CIRA has awarded 16 organizations working on community internet access, internet policy, and online safety projects $1.25 million through its Net Good Grants program.
Recipients include the Pinnguaq Association in Nunavut. The organization is working to improve safety by creating an open-source toolkit aimed at teaching students about the risks that come with AI.
“This grant allows us to amplify voices from these communities, co-design culturally relevant digital resources, build understanding and foster safe engagement,” Ryan Oliver, the CEO of Pinnguaq Association, said.
Several of the projects under this round of grants also deal with Canada’s digital divide. This includes the project from the Lytton Area Wireless Society. The organization is working to bring the Xwísten First Nation (Bridge River Indian Band) fibre internet speeds up to 10Gbps.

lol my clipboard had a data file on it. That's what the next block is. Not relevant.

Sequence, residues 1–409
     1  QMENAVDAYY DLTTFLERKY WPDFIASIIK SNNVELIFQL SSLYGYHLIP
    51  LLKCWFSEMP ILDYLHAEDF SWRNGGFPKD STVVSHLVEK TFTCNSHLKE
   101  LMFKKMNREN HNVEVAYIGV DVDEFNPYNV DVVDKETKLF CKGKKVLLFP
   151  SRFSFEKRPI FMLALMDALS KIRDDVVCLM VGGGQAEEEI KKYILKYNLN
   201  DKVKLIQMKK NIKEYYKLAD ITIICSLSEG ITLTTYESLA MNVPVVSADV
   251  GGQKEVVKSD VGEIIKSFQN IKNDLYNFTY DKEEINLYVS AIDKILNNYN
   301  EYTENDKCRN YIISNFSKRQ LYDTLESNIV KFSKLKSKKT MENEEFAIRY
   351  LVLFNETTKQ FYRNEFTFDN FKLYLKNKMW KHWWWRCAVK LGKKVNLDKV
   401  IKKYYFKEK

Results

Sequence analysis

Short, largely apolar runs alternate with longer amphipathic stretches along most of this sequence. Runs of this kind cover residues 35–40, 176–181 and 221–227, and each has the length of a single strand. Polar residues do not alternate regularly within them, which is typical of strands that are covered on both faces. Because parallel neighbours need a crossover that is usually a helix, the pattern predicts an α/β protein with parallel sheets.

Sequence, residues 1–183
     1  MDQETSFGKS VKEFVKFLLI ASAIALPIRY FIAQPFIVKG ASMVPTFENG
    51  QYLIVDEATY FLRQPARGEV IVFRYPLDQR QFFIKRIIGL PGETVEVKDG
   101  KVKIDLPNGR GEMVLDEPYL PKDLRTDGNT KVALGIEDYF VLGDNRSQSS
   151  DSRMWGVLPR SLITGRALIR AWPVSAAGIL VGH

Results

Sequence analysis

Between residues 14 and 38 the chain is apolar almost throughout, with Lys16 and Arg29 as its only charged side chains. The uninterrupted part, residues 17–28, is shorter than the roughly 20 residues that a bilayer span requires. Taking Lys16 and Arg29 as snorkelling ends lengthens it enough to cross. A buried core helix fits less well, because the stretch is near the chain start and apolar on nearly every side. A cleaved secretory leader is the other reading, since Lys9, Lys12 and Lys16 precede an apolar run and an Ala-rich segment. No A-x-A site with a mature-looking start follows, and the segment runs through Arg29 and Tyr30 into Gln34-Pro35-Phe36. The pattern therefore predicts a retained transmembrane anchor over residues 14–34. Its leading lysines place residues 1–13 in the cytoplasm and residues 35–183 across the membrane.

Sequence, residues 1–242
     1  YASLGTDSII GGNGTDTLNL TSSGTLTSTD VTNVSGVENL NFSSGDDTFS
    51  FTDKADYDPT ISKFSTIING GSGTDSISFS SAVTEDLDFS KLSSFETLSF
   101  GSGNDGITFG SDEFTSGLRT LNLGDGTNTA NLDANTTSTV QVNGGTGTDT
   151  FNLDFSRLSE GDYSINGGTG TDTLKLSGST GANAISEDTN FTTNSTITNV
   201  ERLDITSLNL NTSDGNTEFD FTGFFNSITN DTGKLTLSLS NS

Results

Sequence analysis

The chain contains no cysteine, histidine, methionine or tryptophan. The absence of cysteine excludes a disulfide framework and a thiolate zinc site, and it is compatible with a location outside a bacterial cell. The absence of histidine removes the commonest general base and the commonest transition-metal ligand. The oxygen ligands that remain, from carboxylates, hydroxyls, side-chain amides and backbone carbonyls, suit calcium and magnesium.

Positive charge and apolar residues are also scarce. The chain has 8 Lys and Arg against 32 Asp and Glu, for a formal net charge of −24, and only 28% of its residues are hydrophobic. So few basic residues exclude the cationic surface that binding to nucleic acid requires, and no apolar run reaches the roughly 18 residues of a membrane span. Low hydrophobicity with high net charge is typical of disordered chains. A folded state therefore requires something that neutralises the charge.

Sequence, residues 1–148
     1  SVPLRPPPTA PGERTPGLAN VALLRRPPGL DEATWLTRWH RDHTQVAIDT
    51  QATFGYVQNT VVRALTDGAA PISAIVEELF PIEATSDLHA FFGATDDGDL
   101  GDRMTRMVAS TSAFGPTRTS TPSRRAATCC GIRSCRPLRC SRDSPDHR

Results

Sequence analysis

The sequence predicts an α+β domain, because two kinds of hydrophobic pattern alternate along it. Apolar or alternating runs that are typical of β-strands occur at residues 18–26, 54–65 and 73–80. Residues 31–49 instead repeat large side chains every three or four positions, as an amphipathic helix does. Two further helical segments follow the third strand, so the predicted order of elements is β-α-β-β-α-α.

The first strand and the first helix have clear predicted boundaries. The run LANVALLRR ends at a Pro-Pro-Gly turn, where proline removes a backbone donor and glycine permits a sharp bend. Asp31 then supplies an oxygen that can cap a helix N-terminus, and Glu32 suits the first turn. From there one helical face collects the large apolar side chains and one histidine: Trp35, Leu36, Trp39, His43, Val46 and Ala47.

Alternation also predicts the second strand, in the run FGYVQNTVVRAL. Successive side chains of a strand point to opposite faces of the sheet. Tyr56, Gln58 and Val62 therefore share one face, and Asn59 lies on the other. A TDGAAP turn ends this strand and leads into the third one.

This is the 10th year the not-for-profit responsible for the .ca domain has offered its grant program. In the last decade, CIRA has invested $11.7 million in 217 projects tackling internet challenges in Canada.
“CIRA Grants have played a unique and leading role in both funding projects that address community-based internet concerns and by supporting the essential work necessitated to connect underserved Canadians to the digital community,” Charles Noir, CIRA’s vice-president of community investment, policy and advocacy, said.
Image credit: CIRA